Technopomorphism is a play on anthropomorphism – we should try to craft language so that we do not imbue technology with human qualities. Technology can be viewed as a kind of prop in a larger performance – this is my perspective on it anyway. In this sense, even pen and paper (i.e. – the technology of handwriting) has the potential to be used as a tool/prop to entrench isolation if we embrace it through obsessive or addictive behavioral patterns.

    Your ideas are very important. The problems and challenges you describe are very serious and unfortunately seem to be affecting more and more people. I think many people take on the mindset, perhaps unconsciously, that they are victims of technology. Perhaps this is one of those unchallenged assumptions that might encourage behavioral problems.

  • Pingback: social media and mental health – it’s not all rosy()

  • Anonymous

    The brain is a funny thing, ive been thinking about mdai a lot lately

  • It’s my opinion that facebook, myspace, and television are bad for one’s mental health. I am a blogger and have found that both reading others’ blogs and writing on my own blog eases my mind, inspires me, and documents my progress.

  • arfaeen

    well i agreed with mr. brain

  • Cherry

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  • Jeff Simms

    Is there any concern with the damages it could have on mental health.Do you eel any of these social media outlets create a false sense of life for some that down the road could be a rude awakening when they life they have created on the web isnt real life. I think there is the possibility that these sites could cause problems in the future that we have not seen yet.

  • Lezlie

    A recent study actually published findings that children are showing a increased occurrence in depression associated with the use of social media, Facebook in particular is cited.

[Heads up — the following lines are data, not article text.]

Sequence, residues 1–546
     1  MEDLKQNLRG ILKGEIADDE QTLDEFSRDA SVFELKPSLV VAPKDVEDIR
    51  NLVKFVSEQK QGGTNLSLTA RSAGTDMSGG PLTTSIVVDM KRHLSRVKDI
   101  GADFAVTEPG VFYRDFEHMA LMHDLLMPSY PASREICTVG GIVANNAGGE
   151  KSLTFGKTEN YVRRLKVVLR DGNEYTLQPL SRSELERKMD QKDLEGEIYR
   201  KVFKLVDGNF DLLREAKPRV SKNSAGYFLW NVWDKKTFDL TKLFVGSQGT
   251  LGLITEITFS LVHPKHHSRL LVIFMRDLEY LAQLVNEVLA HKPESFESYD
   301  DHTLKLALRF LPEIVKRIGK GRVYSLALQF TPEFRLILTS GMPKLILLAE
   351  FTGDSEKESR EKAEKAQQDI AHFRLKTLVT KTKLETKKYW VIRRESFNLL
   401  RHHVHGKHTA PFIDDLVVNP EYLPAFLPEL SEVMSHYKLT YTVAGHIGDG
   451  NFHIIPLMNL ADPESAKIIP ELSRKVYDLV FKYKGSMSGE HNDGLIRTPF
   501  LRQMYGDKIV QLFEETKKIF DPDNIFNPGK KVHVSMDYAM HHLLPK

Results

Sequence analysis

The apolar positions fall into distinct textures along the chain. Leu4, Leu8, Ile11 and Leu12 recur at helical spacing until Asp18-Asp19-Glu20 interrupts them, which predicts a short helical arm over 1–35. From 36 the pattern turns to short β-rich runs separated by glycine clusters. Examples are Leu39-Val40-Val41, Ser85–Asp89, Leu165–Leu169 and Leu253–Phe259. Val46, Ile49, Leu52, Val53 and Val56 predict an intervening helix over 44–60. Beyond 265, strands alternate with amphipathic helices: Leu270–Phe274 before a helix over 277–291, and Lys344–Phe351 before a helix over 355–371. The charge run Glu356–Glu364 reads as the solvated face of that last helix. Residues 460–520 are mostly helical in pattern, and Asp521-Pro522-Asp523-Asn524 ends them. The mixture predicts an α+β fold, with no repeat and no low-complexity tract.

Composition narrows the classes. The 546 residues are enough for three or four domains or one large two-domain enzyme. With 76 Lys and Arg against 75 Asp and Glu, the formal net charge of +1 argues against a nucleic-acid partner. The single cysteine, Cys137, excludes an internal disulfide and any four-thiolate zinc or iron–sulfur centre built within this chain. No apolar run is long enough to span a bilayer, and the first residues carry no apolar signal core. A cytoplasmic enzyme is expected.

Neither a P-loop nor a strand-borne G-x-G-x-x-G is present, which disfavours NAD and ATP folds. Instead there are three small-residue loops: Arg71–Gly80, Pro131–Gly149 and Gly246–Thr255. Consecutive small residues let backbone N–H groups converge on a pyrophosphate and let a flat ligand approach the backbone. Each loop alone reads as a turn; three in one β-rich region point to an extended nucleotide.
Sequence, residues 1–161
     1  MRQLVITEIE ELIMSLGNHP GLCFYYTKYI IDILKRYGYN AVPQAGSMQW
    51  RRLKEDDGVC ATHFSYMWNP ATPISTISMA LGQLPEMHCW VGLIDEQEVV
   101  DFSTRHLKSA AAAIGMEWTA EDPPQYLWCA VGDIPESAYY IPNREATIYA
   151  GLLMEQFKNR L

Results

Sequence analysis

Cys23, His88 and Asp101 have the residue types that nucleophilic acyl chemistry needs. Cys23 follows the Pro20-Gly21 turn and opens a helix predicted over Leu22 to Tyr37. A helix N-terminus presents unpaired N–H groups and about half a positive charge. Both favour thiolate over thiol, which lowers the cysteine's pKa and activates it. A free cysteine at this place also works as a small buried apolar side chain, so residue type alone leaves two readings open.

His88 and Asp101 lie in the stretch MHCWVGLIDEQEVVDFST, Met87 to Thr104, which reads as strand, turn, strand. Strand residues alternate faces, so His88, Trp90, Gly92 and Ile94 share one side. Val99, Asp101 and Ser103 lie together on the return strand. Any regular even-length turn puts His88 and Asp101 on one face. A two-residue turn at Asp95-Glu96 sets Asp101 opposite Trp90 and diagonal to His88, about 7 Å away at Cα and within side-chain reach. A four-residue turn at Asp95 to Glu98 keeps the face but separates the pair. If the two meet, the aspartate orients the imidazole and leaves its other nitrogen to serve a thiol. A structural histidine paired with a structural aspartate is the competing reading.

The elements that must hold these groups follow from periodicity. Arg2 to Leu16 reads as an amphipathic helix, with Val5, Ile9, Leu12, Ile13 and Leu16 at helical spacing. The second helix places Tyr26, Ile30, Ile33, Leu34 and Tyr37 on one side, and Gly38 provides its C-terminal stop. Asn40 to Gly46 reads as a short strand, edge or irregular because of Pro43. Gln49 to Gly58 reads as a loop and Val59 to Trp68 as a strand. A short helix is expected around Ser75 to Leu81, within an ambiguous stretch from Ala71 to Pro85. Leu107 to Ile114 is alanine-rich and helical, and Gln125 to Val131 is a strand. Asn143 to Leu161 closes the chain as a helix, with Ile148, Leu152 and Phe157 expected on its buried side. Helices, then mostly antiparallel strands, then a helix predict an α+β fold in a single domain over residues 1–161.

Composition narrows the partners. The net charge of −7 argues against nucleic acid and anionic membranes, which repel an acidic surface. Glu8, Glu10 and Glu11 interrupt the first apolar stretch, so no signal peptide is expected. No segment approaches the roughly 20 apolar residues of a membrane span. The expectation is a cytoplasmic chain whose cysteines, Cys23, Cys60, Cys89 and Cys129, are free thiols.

• Pingback: Mental Health and Social Media | Therapy Soup()

  • While there are certainly issues to beware of in regard to Social Media, it has played a huge part in my son’s recovery from severe OCD. I wonder how different his journey would have been without the benefit of social media. A few ways in which it has helped him include:

    He was able to self-diagnose himself with OCD at the age of seventeen, with the help of the internet.

    We were able to find great health-care providers (after some not so great ones)and treatment programs with the help of mental health sites.

    He and I were both able to connect with people in similar situations. It is invaluable to know you are not alone.

    I have become an advocate for OCD awareness, have my own blog, and have been published on several mental health sites. I hopefully have helped others in the process. I know contributing in this way has certainly helped me.

    In my opinion, the positives of social media in relation to mental health issues far outweigh the negatives.

Isabella Mori

Isabella Mori is a psychotherapist in private practice in Vancouver. She has been working in the field of mental health, counseling, psychotherapy and movement therapy for 18 years.